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In divorce, control your tax destiny; don’t let court decide

by on
in Small Business Tax

Frequently, a divorcing couple can't agree on which of them should claim the dependency exemptions for the children. If you can't decide, the court will do it for you. And that could yield the worst possible result for you.

Advice: Resolve all the key tax issues in the divorce agreement, including who claims the dependency exemption. And don't just look at the immediate tax impact; consider the future ramifications. It's best to involve a tax pro to avoid tax pitfalls. (Many divorce attorneys, frankly, don't know much about taxes.)

Who earns dependency exemption?

Here's the story: Normally, a parent who provides more than half the support of a minor child can claim the dependency exemption. But if parents are divorced, with no written agreement, the parent who maintains physical custody for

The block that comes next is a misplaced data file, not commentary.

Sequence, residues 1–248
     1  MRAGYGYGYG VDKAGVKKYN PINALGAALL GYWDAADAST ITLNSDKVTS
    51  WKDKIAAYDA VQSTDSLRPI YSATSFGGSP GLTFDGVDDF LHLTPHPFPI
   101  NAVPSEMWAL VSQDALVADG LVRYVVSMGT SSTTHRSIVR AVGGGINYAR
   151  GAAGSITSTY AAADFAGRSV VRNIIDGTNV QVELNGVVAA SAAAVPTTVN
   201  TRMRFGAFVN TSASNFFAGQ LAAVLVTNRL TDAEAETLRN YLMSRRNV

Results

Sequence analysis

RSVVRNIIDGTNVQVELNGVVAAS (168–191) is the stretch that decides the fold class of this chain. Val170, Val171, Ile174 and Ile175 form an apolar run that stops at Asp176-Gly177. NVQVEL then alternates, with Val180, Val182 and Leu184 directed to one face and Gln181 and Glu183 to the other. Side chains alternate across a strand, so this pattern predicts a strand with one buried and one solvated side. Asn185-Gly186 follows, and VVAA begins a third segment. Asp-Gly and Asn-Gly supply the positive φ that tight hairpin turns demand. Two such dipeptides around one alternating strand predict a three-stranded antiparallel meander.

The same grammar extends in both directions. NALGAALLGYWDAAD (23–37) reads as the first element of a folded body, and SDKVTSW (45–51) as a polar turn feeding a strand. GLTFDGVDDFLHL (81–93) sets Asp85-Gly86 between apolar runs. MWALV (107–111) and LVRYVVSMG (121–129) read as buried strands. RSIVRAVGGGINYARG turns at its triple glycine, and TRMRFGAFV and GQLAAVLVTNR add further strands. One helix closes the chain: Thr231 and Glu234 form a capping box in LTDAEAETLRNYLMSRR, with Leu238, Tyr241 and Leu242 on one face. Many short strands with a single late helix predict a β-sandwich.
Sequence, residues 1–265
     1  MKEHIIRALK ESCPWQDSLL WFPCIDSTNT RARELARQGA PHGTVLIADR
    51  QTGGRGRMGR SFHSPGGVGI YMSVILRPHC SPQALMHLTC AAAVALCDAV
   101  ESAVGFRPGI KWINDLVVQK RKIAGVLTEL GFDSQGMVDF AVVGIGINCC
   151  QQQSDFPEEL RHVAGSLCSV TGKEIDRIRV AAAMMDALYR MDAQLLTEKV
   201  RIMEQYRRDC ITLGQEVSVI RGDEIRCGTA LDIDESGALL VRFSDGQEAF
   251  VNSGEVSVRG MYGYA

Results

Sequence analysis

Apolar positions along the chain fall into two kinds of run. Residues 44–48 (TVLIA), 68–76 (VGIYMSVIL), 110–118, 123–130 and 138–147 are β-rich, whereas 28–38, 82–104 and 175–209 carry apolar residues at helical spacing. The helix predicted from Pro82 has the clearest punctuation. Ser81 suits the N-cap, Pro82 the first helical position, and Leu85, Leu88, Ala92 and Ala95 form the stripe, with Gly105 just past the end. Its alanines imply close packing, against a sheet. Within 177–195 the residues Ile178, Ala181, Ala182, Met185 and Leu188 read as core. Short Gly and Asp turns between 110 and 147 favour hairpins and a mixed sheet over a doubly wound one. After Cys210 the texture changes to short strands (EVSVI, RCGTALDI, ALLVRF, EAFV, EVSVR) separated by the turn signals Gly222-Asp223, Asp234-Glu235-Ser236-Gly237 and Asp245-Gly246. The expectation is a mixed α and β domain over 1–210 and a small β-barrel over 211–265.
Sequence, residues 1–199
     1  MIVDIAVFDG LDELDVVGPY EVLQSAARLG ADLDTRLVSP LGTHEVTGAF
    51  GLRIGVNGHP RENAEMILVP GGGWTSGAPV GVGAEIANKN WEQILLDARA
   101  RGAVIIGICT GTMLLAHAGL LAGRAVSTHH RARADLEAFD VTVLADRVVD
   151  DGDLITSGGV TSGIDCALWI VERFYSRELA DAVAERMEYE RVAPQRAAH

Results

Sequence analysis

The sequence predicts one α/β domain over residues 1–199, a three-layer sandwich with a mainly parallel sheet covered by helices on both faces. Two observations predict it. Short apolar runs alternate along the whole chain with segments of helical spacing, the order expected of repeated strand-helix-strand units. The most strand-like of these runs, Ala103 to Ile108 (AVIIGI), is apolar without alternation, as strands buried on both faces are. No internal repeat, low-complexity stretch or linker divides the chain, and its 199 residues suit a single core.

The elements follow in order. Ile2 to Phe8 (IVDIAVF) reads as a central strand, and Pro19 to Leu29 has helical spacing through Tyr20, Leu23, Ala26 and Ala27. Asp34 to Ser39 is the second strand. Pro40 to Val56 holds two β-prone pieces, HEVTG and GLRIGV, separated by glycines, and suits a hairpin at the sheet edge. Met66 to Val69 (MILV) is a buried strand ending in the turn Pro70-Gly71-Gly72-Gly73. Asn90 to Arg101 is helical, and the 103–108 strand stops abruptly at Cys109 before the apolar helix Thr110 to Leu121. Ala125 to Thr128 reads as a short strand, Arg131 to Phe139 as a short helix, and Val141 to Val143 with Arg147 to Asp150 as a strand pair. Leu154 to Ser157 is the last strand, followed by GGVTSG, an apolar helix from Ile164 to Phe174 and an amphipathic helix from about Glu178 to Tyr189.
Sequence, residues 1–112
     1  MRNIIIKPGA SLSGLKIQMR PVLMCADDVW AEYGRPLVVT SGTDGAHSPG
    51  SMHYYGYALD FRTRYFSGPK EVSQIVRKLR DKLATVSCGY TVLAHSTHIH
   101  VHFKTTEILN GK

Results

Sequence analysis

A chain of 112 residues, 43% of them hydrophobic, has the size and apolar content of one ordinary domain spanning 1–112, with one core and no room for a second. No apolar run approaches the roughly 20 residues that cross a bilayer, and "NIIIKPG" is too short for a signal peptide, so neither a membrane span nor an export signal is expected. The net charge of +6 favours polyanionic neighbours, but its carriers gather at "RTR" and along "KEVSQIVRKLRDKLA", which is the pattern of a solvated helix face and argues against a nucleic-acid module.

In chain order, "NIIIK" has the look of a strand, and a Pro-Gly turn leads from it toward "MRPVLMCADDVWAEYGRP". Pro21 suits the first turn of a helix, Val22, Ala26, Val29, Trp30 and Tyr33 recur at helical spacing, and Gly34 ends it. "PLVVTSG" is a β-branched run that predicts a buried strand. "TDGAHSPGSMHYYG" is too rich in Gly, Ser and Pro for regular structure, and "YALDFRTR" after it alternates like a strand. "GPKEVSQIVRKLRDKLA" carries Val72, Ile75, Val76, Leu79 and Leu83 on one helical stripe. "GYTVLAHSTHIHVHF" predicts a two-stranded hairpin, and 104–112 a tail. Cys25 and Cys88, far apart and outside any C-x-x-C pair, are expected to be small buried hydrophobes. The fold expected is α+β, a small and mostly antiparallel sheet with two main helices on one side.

the greater part of the year is entitled to the dependency exemption.

In recent years, joint-custody arrangements have become more common. So who is entitled to the dependency exemption when custody is split down the middle? A new court ruling sheds some light.

Lesson from new court case: Their divorce judgment called for joint custody of the Dails' young son. The child resided with Mr. Dail from Monday morning to Thursday evening and with Mrs. Dail from Thursday evening through Monday morning. So the child's time was evenly split between the two parents.

But the child spent two weeks exclusively with Mrs. Dail in the summer when she visited her ailing mother. Those extra weeks were enough to tip the scales in Mrs. Dail's favor, according to the Tax Court. (Dail, TC Memo 2003-211)

Bottom line: You can't rely on a judge to show the wisdom of Solomon. In a split-custody situation, make sure the divorce agreement spells out which parent is entitled to the exemption.

If you're the noncustodial parent, you can still claim the dependency exemption. But make sure your ex-spouse waives her right to take the exemption by completing Form 8332, Release of Claim to Exemption for Child of Divorced or Separated Parents. Try to obtain your ex-spouse's signature on this form at the same time all the other divorce paperwork is signed.

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